PlayStation VR hates sunlight
We’ve been putting Sony’s latest piece of glittering tech through its paces and it turns out to be a bit of a night owl.
As I mentioned in our Playstation VR review, one of the first issues I came across when testing the unit was one I hadn’t experienced in all my demonstrations prior to release. That’s because all those demonstration occurred in optimal environments for virtual reality technology – dark rooms, either behind closed doors at expos like E3, or in the offices of developers and publishers.
When a creator is revealing their product to a journalist, of course they’re going to do it in an environment that best presents it. Natural light is not that environment.
At home and during the day, my lounge room isn’t dark. There are no blinds and plenty of windows, so a lot of natural sunlight gets in. Now it’s no secret that sunlight and the PlayStation Eye don’t mix well together, but that doesn’t necessarily mean consumers have picked up on the fact it will impact PSVR.
And if you are someone who was planning to spend a lot of time in virtual reality during daylight hours, then here are three reasons why you should set it up in your home's darkest depths.
1: Light bleed
There’s a noticeable amount of light-bleed around the edges of the VR headset. It doesn’t prevent you from enjoying the virtual environment or playing a game, but there is a definite impact on your immersion. Even though your mind may quickly ignore the yellow-orange hue in your peripherals, as soon as you play it at night you realise how much more encompassing the experience is when played in the dark.
2: Distance calibration
Even just a little bit of indirect natural light begins to play with the screen calibration. When the action is still – such as in a main menu – the virtual world pulses slightly. It zooms in and out as if it is stuck trying to find the right spot. It’s a little bit disconcerting, but once you are in the game and everything is happening all around you, you cannot notice the issue.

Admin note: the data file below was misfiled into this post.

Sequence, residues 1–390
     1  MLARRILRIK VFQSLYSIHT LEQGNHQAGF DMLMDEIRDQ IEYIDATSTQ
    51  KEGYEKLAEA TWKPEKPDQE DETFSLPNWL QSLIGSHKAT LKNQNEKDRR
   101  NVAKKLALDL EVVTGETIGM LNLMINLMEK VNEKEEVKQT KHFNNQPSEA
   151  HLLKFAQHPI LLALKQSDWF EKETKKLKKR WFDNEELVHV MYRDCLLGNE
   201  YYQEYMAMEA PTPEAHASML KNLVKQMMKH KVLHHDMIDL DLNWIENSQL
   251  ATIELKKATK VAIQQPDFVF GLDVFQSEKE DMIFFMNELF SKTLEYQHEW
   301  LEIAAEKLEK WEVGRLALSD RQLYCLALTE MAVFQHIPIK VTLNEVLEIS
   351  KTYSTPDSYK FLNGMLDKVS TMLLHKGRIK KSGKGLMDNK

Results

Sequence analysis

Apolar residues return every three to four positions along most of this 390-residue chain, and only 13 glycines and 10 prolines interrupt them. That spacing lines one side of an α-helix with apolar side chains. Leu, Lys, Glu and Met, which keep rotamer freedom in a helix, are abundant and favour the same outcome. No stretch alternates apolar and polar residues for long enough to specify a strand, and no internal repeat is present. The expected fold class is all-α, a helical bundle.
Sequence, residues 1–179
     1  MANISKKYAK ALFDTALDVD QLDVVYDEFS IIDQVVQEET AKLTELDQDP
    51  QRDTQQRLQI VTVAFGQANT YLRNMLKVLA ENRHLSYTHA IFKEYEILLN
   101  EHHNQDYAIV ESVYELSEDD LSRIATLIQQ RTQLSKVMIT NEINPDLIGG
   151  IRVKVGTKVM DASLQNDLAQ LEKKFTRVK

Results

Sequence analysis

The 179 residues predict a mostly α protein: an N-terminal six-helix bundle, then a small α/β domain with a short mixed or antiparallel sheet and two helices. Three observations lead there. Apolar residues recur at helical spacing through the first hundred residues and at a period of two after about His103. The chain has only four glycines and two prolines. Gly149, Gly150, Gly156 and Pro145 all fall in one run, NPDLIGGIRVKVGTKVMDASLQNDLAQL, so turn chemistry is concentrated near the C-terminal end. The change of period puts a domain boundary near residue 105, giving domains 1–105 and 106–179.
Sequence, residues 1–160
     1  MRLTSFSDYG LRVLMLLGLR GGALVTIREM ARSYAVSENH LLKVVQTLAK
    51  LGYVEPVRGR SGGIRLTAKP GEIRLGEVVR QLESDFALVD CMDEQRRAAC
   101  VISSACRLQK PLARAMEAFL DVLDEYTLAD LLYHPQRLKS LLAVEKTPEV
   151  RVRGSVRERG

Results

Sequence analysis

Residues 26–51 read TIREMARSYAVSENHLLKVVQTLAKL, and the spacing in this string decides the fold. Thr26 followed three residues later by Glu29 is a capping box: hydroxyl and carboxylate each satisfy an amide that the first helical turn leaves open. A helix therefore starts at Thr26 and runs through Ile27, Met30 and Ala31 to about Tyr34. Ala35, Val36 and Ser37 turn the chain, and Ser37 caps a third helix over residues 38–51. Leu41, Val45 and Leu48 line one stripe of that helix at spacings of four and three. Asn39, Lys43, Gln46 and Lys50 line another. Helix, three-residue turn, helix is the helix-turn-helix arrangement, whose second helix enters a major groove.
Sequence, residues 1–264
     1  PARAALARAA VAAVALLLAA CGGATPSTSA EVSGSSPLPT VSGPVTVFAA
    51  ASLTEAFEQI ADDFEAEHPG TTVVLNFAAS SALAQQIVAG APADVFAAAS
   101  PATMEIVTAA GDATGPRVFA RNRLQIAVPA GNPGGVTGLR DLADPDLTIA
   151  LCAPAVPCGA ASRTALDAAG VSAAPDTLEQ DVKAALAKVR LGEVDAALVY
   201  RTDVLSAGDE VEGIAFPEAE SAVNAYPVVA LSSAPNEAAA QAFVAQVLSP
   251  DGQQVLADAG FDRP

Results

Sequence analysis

3: Directional calibration
As soon as you get partial or direct sunlight shining into your playing space, the PSVR really begins to struggle with its orientation. Even if you are staring directly at the camera, when you reset the screen orientation it can place the centre of your viewing area at right angles to where you want it. In my instance, I had to sit sideways on my couch, because the effect of the sunlight on the camera was tripping out the orientation so bad. Again you can still play in this state, but it’s far from optimal and definitely impacts your immersion (and can strain your neck).
I’m not sure if there is too much blame to be laid here at Sony’s feet – it could just be the nature of the virtual beast. Perhaps the design of the headset could be updated to better prevent light from coming in at its edges. But the reality is that in a one-size-fits-all environment, and where a soft material that is light against the skin is desired, that simply may not be realistic.
If you are considering picking up a PSVR unit, all you can do is be educated on the -platform’s limitations in natural light and do you best to set up the PlayStation VR in its optimal environment. And pick up some heavy-duty curtains.
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